Sunday night's Democratic
presidential debate in Des Moines, Iowa, saw one question on drug policy
aimed at one candidate. In the nationally televised debate, broadcast
on CNN, most candidates spent most of their time attacking front-runner
Howard Dean, former governor of Vermont, for various real or imagined sins.
But sitting in the Upper Midwest, where methamphetamine has been identified
as a leading drug of abuse, debate moderator Paul Anger, editor of the
Des Moines Register, couldn't allow the evening to pass without at least
a mention of it.
But long-time Missouri Rep.
Dick Gephardt, at whom the question was directed, had little to say of
substance, instead using the question to promote his policies on jobs,
education, and mental health care. And in a sign of just how much
of a hot button issue drug policy is not, no other candidate felt compelled
to jump in with his or her own position.
The complete exchange follows:
Moderator Paul Anger:
"To Congressman Gephardt, a slightly different health question -- drug
use in America. While the war on drugs often brings to mind the effort
to bring the drug trade and cocaine abuse and the cocaine trade under control,
particularly in urban settings, here in Iowa and in other cities across
the country the biggest drug challenge is actually crystal methamphetamine.
Does current drug policy adequately address this, and how would you propose
dealing with this home-grown problem, crystal meth?"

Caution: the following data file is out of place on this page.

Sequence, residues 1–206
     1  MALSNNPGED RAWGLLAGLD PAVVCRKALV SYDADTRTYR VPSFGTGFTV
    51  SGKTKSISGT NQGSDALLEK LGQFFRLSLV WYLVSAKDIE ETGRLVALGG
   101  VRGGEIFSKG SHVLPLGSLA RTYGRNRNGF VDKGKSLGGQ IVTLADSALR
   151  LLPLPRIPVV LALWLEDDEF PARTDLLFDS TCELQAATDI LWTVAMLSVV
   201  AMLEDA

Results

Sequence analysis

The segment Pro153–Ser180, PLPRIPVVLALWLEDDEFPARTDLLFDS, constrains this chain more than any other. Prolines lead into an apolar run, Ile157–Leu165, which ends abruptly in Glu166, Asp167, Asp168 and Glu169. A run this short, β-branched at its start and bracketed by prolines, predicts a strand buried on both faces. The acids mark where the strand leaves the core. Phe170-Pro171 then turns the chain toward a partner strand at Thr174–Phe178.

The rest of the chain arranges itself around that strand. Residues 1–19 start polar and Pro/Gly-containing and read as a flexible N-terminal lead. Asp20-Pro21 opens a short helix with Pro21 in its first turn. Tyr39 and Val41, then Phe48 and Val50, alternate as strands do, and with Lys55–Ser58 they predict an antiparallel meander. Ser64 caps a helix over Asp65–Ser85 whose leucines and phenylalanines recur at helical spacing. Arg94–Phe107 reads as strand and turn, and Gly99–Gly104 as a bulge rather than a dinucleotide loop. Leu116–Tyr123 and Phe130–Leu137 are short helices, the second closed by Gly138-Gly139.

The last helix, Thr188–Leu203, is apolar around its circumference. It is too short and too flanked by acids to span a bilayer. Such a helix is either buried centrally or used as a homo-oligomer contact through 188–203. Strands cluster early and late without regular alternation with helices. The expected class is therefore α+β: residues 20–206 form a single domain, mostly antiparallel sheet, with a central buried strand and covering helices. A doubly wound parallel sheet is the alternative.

The complete debate transcript
is available online at:
"Well, it's a problem not only in Iowa; it's a big problem in my state
of Missouri and in a lot of other states. And it's a big problem
in rural communities. So we need to have a better policy to deal
with it. But I'll tell you what, I believe in trying to find the
drug dealers, and trying to bring them in, and trying to go after the drugs
that are coming in the United States. But in this case we're talking
about a homemade drug here in communities all across the Midwest and in
other parts of the country.'
"I think the ultimate answer
to the drug problem lies in some other things that we are not doing well
enough in this country. We've got to get people good jobs.
Part of the reason people get involved in drugs is they lose hope.
And my plans for building jobs I think are the best, the boldest plans
out there. We need better education of our young people. We
need more mental health benefits in health insurance policies so that people
will not turn to drugs when they can't get the right mental help that they
need from their insurance policies. These are the things we need
to do to solve the problem."
-- END --
Issue #319, 1/9/04
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